What is Life?

Lecture Series: Life In The Universe

Guy J. Consolmagno, SJ, Planetary Scientist, Vatican Observatory Research Group

Throughout history, our definition of 'life' reflects our assumptions about how the Universe works – and why we ask the question. The ways different human cultures, ancient and current, have talked about life provide some sense of how we have defined life, and illustrate the aspects of life that fascinate us. Many cultures used life as an analog to explain the movement of winds and currents, or the motions of the planets. Today we use those mechanical systems as analogs for life. Ultimately, we may not really know what life is until we have discovered more than one independent example of it on places other than Earth – we need many diverse examples before we can generalize. But without a definition of what we're looking for, and why we're looking, we may have a hard time recognizing life when we find it.

Planet Formation and the Origin of Life

Lecture Series: Life In The Universe

Dante S. Lauretta, Professor, Planetary Sciences/Lunar and Planetary Laboratory

It is generally accepted that planets or their satellites are required for life to originate and evolve. Thus, in order to understand the possible distribution of life in the Universe it is important to study planet formation and evolution. These processes are recorded in the chemistry and mineralogy of asteroids and comets, and the geology of ancient planetary surfaces in our Solar System. Evidence can also be seen in the many examples of ongoing planet formation in nearby regions of our galaxy. Finally, the variety of observable extra-solar planetary systems also provides insight into their origins and potential for life. These records will be discussed and compared to summarize our current understanding of planet formation and the accompanying processes that may lead to the origin of life throughout the Universe.


Life on Earth: By Chance or By Law?

Lecture Series: Life In The Universe

Brian J. Enquist, Professor, Ecology and Evolutionary Biology
Life on Earth is amazing and multifaceted. Ultimately all of life has descended from one common ancestor and has been guided by evolution by natural selection. On the one hand, the evolution of modern-day diversity and ecosystems may have been contingent on the initial chemical building blocks of life and the historical events that have characterized our planet over geologic time. On the other hand, there are numerous aspects of life pointing to regular and deterministic processes that shape the complexity and diversity of life. This talk will touch on those examples where the laws of chemistry and physics, in addition to evolutionary rules, have resulted in general properties of life. These properties ultimately determine how long we live, the diversity of life, the function and regulation of ecosystems and the biosphere, and how life will respond to climate change.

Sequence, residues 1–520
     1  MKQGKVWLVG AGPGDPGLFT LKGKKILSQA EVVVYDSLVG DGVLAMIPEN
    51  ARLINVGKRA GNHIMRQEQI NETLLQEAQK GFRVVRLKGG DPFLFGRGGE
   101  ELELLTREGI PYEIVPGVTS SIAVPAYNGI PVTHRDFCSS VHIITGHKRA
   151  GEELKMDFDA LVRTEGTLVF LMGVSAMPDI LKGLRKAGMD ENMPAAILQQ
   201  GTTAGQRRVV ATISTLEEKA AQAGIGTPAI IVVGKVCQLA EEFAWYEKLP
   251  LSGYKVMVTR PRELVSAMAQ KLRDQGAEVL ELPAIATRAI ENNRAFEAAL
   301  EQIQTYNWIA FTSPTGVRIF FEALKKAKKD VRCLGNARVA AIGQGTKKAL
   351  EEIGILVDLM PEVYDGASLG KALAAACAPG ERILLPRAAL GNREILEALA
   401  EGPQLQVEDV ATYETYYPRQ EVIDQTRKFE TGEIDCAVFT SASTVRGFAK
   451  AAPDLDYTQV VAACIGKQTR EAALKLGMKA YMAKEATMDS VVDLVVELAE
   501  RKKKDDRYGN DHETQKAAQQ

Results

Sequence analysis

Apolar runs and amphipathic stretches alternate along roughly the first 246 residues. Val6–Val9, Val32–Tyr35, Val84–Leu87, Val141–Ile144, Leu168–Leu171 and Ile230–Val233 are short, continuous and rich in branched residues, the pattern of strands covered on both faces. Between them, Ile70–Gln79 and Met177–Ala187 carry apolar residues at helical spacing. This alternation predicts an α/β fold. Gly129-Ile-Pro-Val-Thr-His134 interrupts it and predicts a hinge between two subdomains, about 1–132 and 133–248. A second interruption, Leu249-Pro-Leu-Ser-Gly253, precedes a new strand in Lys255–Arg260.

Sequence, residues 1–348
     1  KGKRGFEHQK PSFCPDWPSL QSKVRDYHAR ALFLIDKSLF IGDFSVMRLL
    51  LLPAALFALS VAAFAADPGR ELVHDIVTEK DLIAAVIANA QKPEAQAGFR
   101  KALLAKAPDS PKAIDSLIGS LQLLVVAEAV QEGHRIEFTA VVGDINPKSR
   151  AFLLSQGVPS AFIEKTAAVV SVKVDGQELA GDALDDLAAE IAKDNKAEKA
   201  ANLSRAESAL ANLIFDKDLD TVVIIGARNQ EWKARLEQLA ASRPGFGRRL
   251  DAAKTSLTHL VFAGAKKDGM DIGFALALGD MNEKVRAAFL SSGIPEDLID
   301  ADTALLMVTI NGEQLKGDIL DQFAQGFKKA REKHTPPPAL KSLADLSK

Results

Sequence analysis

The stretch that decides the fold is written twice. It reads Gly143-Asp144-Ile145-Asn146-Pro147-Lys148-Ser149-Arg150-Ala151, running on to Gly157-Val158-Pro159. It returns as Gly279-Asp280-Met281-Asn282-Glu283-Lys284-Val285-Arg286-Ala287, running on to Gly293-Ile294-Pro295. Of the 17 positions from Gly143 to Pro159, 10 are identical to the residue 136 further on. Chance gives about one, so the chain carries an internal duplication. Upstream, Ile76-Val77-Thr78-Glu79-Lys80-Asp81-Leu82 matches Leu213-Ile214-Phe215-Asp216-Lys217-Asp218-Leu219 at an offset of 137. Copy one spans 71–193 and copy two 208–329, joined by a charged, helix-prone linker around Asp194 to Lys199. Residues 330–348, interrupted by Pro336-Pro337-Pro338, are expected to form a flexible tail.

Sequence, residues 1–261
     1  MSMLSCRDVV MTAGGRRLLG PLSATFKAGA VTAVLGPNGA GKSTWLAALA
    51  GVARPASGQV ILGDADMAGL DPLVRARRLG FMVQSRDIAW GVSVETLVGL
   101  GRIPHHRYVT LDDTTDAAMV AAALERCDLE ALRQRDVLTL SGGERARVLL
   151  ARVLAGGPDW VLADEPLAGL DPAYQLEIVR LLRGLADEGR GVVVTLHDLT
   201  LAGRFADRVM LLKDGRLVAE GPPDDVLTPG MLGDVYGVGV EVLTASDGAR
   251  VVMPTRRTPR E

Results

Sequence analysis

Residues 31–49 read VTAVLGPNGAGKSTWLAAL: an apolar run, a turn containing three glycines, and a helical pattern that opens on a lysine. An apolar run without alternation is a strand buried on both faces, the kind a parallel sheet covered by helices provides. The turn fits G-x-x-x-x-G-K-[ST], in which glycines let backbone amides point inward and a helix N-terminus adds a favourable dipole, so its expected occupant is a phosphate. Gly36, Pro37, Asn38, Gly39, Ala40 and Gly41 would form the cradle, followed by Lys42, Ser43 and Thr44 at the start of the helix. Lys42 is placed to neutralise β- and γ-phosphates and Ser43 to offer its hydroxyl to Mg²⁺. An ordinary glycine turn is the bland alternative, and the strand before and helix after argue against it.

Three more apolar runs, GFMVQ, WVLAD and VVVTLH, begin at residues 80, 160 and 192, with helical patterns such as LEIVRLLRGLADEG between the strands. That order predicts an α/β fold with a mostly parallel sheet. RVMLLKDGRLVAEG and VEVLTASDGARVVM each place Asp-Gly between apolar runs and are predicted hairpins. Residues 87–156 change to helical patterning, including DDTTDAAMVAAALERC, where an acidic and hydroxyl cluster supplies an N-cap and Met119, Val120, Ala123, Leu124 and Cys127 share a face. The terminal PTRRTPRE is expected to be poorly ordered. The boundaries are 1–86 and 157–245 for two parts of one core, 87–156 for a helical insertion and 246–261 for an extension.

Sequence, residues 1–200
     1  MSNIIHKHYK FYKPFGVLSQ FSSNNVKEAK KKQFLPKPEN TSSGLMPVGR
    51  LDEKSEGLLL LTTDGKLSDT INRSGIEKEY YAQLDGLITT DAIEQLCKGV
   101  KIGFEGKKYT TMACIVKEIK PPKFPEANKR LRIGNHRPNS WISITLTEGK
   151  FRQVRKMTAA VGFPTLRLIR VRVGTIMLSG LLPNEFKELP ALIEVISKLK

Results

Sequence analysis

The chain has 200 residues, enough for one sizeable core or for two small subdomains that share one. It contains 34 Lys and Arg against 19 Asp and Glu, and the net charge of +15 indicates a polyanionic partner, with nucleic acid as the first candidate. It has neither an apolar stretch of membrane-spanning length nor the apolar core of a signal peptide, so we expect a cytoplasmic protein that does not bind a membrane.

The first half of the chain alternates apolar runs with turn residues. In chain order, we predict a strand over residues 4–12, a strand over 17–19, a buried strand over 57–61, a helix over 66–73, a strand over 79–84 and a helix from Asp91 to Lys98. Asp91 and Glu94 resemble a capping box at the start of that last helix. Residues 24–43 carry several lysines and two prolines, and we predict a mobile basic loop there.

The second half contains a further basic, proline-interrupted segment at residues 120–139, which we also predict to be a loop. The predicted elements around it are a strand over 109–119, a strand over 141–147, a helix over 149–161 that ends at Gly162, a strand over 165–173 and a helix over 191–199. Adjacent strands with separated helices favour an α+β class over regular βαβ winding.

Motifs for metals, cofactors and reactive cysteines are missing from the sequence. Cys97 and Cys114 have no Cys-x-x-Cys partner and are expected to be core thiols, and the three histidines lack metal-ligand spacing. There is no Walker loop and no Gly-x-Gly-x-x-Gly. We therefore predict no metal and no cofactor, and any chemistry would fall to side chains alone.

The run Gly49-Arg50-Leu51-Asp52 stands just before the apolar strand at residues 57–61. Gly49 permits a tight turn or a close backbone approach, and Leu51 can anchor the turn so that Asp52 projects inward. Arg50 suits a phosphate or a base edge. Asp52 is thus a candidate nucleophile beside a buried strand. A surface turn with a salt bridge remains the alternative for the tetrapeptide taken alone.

Complexity and Evolvability: What Makes Life So Interesting?

Lecture Series: Life In The Universe

Anna R. Dornhaus, Associate Professor, Ecology and Evolutionary Biology

Life is particularly fascinating in its ability to create complex and ever-changing forms out of simple building blocks. How does such complexity arise, and what are the conditions that allow never-ending evolution of new and more intricate forms of life? We now know that one of the main processes that allows this is that life consists of modules that interact with and feed back on one another. In the history of life on Earth, new levels of complexity have often arisen out of new types of such interactions, and continued evolution has been driven by life interacting with other life. We even find that man-made systems can develop a 'life' of their own when such feedback interactions among many modules occur. Life, it seems, is more about rules of interaction than special materials. We have only begun to understand the power of this algorithmic nature of life.

Time Traveling: What Our Brains Share with Beetle Brains

Lecture Series: The Evolving Brain

Nicholas J. Strausfeld, PhD, Director, Center for Insect Science and Regents’ Professor of Neuroscience

Emerging evidence suggests that distantly related animals such as mice and flies manifest similar behaviors because they have genealogically corresponding brain centers. The view is that a common ancestor had already evolved circuits for behavioral actions, memory of such actions, and their consequences more than half billion years ago. Evidence that those circuits have been inherited through geological time challenges how we as a species relate to animals that we view as wholly different from ourselves.